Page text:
If you visit Dallas and Fort Worth hoping to spot the city slickers of television fame—the cowboy-hatted oilmen in suits and boots, the socialites dressed in Easter-egg colors—you will most likely be disappointed. Today, modern-day dandies sprint across streets in well-cut jeans and European blazers. Women zip from business meetings to charity balls in innovative clothes sourced from the most cerebral designers. "Good-bye, big hair," says Ken Downing, fashion director of the Dallas-based department store Neiman Marcus. "That's a stereotype that no longer defines the area."
Located just 32 miles apart, both cities are witnessing a rise in population, as well as booms in business and building. In Dallas's buzzy Uptown, Cesar Pelli, the architect behind some of the world's tallest towers, is raising a billowy-looking glass office block that evokes the sail of a ship. Cranes dip and swoop along the Trinity River, hoisting elegant steel arcs into place for what will become the second dramatic span by architect Santiago Calatrava to open here within five years. Both bridges tie downtown to a reignited West Dallas, a hilly residential area with panoramic views.
"Neighborhoods once considered the wrong side of the tracks are now the right places to be," says Downing. Take the Bishop Arts District, a hip, walkable grid of streets lined with brick buildings, largely former warehouses that now shelter one-of-a-kind boutiques and acclaimed restaurants. Built in the 1920s and known for its vibrant murals, this area is undergoing a careful renaissance thanks to its passionate residents, who are wary of its historic character being stripped away.
In Fort Worth, construction has begun on downtown's first new mid-rise building in nearly a decade. The enlivened Magnolia Avenue area has been dubbed the city's restaurant row, with old buildings transformed into bistros, pubs, and sidewalk cafés serving everything from Italian to Thai to vegan to, of course, Mexican.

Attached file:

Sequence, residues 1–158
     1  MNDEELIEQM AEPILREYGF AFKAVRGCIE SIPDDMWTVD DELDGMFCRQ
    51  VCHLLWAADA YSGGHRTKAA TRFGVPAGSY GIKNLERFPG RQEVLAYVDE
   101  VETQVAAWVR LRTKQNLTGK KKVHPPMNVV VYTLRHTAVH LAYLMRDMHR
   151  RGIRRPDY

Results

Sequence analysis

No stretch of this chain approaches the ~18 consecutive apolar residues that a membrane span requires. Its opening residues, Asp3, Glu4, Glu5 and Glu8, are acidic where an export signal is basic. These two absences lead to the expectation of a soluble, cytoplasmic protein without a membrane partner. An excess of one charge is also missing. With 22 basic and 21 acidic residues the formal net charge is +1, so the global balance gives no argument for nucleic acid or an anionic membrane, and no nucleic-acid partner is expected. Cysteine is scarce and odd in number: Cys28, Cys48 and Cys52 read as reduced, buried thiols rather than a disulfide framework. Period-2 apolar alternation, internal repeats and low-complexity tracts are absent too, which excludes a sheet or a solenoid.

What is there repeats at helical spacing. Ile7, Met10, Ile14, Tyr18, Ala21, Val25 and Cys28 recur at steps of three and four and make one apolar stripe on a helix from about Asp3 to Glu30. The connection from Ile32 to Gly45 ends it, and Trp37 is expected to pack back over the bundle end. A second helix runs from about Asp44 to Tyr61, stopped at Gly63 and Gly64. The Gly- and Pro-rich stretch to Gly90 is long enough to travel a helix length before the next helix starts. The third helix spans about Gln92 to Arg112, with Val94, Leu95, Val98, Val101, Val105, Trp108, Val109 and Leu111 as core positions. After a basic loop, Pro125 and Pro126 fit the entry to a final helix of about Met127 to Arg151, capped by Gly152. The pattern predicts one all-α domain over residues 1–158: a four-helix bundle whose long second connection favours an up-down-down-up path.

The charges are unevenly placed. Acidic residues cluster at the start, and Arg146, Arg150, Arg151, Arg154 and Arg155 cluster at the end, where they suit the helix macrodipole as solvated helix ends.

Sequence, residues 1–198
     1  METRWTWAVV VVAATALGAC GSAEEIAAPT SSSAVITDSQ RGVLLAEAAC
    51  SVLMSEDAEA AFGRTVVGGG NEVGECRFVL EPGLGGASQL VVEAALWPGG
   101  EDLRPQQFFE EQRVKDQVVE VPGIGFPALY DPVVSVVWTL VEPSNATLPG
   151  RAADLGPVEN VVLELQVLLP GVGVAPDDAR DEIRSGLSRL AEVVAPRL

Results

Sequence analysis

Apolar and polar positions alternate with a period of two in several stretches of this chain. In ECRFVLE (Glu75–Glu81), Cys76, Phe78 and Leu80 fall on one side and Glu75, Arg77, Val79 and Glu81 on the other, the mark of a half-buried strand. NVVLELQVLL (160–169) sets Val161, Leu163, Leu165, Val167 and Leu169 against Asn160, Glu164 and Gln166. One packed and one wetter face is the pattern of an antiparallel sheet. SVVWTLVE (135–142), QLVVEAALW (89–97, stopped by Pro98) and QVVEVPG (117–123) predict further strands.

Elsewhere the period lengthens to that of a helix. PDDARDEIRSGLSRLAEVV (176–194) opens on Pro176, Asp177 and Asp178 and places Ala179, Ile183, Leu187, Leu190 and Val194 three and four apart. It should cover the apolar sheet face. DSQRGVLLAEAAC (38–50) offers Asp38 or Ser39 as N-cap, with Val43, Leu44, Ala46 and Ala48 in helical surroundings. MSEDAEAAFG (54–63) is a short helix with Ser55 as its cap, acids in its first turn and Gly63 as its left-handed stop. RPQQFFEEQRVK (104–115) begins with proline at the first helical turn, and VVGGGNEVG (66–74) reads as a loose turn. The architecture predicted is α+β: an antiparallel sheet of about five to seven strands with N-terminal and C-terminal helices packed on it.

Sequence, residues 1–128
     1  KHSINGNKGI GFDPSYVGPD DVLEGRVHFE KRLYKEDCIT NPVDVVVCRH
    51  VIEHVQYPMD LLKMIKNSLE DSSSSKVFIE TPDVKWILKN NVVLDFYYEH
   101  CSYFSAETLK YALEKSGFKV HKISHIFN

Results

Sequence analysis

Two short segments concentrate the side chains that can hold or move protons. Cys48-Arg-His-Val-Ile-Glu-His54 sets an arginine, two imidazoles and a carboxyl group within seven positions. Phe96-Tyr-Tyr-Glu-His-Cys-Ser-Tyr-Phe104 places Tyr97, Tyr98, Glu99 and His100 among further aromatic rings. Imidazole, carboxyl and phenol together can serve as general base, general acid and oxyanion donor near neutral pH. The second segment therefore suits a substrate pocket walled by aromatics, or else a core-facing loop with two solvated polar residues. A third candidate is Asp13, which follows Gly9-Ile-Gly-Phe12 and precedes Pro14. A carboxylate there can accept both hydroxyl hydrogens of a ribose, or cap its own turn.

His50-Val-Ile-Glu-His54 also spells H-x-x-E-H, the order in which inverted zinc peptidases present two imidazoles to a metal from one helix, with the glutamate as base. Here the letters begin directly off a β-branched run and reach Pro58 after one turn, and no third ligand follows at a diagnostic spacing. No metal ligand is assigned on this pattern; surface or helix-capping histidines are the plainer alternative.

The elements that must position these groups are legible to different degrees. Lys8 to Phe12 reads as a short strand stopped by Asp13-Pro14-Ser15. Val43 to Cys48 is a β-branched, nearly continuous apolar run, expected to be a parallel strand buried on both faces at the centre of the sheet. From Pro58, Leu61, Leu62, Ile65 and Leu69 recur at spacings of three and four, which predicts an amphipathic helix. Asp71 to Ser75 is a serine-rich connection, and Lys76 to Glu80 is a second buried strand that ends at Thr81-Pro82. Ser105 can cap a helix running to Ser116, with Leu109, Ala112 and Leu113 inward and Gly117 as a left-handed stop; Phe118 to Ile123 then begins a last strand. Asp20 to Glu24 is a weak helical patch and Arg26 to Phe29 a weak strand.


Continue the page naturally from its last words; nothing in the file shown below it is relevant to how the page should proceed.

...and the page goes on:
"Fort Worth is a smaller town than Dallas," says Elaine Agather, managing director of J.P.Morgan Private Bank, who has residences in both cities. "There's a little less traffic and hubbub, and a little less frantic of a pace. But you also have finance, good restaurants, and great art. You get the best of both worlds."
Shopping is, unequivocally, a regional sport—one wherein Dallas tends to triumph. "Glamour is a given," says Downing. "Dallas is a city where you dress to impress." Style-obsessed Texans flock to Highland Park Village, which bills itself as America's first shopping center. Built in 1931 in the Spanish-Mediterranean style, it is now home to a wealth of internationally known luxury brands. The striking and modernist NorthPark Center, filled with stellar contemporary art and more than 200 stores, just observed its 50th birthday. Things are more relaxed in Fort Worth, says Agather, comparing the fashion sensibilities of the women in each town: "Dallas is edgier, more chic and current. Fort Worth is very classic and very elegant."